spirator, the man who planned the
assassinations and paid out the money
Certain testimony given before the
t rand jury went to show that Haywood,
who received $5 a day as secretary, had
for some time prior to bis arrest been
spending money around Denver at the
rate of $25 a day. This money is be
lieved to have been a part of the
VISIT TO THE KAISER.
President Roosevelt Could Go to .Kiel
on American Warship.
Berlin, March 6. Professor Albrecht
Wirth, of Munich, today contributes a
signed article to Der Tag on the possi
bility of President Roosevelt and Em
peror William exchanging visits. Pro
lessor Wirth has connections with the
foreign office, and his suggestions there
fore have a certain interest.
''Congressman Nicholas Longworth
and Mrs. Longworth are expected in
Berlin in May," he says. "This is not
the first time that the president's
daughter has represented the United
States diplomatically. Her journey to
East Asia bad official character, which
was expressed by her accompanying a
member of the cabinet.
".President Roosevelt himself is not
permitted to leave American territory,
but as an American warship is Ameri
can territory, and as President Roose
velt has already proved in practice,
why cannot the president give another
example by visiting Kiel? Emperor
William could then choose a return
visit in the same form, going on a war
ship to waters near Washington. Thee
visits would add much to the mutual
friendship of the two countries."
Trade With United States.
Mexico City, March 6. During the
first four months of the present fiscal
year, Mexican trade with . the United
States showed an increase in imports
of over $1,000,000. Exports to the
United States were (56,801,250, a gain
of more than $13,00,000 over the corre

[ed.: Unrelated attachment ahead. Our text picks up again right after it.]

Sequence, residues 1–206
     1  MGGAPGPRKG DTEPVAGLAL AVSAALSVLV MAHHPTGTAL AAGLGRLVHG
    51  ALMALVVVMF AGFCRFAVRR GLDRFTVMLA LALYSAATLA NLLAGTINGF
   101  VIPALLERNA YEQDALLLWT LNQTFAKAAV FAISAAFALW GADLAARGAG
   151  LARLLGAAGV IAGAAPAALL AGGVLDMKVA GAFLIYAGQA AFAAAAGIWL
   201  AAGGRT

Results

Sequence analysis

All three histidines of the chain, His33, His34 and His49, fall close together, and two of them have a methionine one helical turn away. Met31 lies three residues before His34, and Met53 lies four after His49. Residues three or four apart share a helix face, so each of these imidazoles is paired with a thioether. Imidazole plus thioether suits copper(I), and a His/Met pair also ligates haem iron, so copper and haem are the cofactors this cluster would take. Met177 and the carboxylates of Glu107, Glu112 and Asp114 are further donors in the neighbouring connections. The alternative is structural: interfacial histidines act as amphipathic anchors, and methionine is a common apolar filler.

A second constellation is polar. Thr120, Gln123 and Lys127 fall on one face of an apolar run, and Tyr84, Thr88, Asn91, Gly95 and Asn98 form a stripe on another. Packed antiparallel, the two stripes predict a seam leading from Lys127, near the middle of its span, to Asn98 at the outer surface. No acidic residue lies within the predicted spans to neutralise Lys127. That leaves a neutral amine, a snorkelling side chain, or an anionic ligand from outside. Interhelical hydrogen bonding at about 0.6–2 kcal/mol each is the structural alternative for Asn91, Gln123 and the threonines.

sponding period of the previous fiscal
year. Exports to Germany were more
than $6,000,000, and to Git it Britain
nearly $1,000,000. Imports from Ger
many fell off more than $1,000,000,
while Great Britain and France both
sold Isbs here than previously.
Tactoban Is Burned.
Manila, March 6. ' Tactoban, the
capital of the island of Leyte, has been
destroyed by fire. Tactoban is the
fifth city of the islands and was situ
ated in an important hemp district.
A number of warehouses were de
stroyed. Government assistance will
UP TO THE HOUSE
Senate Votesloney for Preserva
tion ot Columbia Jetty.
$400,000 WITHOUT OPPOSITION
Struggle Will Come in House to Avoid
Loading of Bill With Other Pro
jects, Which Would Kill II.
Washington, March 10. Senator
Fulton's bill appropriating $400,000
for the Columbia river jetty went
through the senate yesterday without
the slightest objection. Soon after the
senate convened Mr. Fulton asked for
consideration of the bill. It was read
and passed without a word of opposi
When the house rivers and harbors
committee returns from the South Mr.
Fulton's bill will be laid before it, and
it will then be decided whether to press
this bill individually or wait and sup
port his amendment to the sundry civil
bill. If it shall become apparent that
there is no . possibility of passing the
individual bill through the house, then
every effort will be centered on induc
ing the house to retain the amendment
to the sundry civil bill.
There is danger, heretofore pointed
out by Chairman Burton, that any in
dividual bill making an appropriation
for the Columbia river is apt to be
added to by various members until it
becomes a general river and harbor
bill, but it is possible that some way
may be devised of preventing this. If